Edit: You too can complete the ‘Common Secrets Questionnaire’ at Slepian et al.’s website, keepingsecrets.org

ResearchBlogging.orgSlepian, M., Chun, J., & Mason, M. (2017). The Experience of Secrecy. Journal of Personality and Social Psychology DOI: 10.1037/pspa0000085

CATEGORIZED UNDER: papers, select, selfreport, Top Posts
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  • Phil Wilson

    Seems a fairly tame list of secrets.

    • Lucius_Severus_Pertinax

      Hardly surprising- it would take an act of positively incandescent Idiocy to admit anything REALLY bad to some random researcher!

      • OWilson

        The science of the “survey” and “polling” has a long way to go before being taken seriously.

        • Not_that_anyone_cares, but…

          The science of the surveys and polling – that we hear about – seem to have a long way to go. It would seem that either the people who do these these things are not utilizing the high tech tools available or, perhaps, they are just lazy.

          • okiejoe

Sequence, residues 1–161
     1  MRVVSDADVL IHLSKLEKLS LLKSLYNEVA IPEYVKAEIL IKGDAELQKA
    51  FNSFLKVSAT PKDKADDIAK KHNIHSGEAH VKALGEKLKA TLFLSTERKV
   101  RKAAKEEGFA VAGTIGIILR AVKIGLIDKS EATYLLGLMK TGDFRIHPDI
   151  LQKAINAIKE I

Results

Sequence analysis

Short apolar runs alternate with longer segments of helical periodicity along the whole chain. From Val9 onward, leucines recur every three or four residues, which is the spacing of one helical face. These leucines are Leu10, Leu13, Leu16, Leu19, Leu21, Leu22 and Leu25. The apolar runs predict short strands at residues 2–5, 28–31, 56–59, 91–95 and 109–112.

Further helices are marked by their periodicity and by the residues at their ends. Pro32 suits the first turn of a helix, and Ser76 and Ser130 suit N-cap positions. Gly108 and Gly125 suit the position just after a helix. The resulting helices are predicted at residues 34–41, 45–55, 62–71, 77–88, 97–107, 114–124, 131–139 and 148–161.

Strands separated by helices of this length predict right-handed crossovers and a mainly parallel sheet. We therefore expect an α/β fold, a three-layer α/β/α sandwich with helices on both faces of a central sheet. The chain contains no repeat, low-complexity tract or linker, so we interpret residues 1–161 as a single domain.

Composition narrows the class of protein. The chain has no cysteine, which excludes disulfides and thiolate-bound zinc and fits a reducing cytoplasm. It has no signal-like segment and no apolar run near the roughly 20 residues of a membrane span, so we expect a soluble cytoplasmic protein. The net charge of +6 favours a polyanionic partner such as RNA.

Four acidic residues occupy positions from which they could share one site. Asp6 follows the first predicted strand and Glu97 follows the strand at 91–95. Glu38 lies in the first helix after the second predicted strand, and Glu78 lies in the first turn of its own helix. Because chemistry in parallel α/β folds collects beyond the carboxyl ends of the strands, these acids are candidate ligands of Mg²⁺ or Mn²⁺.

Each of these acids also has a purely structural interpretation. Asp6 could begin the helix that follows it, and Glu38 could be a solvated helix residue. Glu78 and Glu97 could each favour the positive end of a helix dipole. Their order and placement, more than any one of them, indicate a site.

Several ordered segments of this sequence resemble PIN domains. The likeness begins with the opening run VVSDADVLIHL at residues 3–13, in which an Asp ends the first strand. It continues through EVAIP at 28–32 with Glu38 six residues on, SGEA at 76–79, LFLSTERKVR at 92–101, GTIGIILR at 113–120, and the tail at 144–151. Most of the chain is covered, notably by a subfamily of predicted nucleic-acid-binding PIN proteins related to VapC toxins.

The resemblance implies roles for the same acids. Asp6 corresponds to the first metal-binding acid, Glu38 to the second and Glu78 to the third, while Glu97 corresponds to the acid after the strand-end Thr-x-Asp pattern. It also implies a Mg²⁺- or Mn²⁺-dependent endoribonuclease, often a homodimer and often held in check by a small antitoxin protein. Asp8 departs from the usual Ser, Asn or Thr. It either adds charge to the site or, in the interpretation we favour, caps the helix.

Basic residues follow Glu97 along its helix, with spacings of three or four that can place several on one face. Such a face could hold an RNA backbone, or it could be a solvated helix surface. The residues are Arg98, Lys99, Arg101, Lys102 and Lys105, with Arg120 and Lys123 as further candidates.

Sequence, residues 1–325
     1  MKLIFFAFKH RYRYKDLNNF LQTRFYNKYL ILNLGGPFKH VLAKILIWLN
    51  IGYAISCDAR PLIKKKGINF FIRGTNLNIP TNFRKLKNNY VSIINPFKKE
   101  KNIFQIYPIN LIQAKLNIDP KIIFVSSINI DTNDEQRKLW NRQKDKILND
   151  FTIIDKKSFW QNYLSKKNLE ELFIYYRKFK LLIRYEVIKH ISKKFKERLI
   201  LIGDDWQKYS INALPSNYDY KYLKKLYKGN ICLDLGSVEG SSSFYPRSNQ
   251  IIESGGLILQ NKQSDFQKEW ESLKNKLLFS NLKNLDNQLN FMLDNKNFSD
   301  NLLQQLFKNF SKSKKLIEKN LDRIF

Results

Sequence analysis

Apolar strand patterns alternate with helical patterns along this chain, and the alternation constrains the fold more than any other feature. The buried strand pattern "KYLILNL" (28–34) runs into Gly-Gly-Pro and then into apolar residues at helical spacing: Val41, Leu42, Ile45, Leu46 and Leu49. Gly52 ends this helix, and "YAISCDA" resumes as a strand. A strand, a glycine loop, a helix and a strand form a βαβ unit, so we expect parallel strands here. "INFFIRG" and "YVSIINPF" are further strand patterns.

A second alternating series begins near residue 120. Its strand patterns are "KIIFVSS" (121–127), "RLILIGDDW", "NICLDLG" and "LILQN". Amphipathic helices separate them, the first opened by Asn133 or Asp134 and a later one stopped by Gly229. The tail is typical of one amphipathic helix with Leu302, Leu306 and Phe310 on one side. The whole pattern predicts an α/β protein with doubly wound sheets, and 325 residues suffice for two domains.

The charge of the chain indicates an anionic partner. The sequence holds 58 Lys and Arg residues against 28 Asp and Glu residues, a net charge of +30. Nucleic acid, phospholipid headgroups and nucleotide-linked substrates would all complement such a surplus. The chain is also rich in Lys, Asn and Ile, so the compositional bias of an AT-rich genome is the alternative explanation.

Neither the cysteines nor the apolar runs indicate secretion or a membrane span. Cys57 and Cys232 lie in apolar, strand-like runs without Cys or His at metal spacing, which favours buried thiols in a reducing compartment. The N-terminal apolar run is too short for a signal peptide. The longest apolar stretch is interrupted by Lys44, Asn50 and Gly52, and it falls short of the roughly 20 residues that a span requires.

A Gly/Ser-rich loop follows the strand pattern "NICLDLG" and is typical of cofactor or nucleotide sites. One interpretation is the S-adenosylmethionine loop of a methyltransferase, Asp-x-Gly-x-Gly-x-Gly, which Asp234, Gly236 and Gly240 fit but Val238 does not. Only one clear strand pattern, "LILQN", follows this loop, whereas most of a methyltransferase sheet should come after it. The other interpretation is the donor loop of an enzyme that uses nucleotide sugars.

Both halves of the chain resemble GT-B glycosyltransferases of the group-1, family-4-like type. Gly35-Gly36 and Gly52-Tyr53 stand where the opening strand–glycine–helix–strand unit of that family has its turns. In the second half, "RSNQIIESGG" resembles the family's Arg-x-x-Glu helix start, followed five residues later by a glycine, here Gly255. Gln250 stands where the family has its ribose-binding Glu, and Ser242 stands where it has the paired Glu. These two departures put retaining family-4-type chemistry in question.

It may be too difficult to be completely anonymous utilizing high tech, nothing like an uncoded sheet of paper arriving in the mail.

      • http://www.mazepath.com/uncleal/qz4.htm Uncle Al

        “incandescent Idiocy” Psychology illuminating the world in shades of brown.

      • temporary guest


      • Kate K

        Study after study shows vieled or indirect questions are more accurate than direct questions on confidential matters. We have long seen this with reporting of non heterosexual thoughts or activity.
        EG of the problem not taking this into account, direct questioning on gun ownership show 25 year decline, veiled questions show a 25 year increase.

        • Lucius_Severus_Pertinax

          Which explains why I don’t respond to surveys; You don’t know who is ultimately going to what with that information and why.
          Russian Proverb I have grown rather fond of over the years- “It is good to trust; it is better to not need to.”

  • http://www.mazepath.com/uncleal/qz4.htm Uncle Al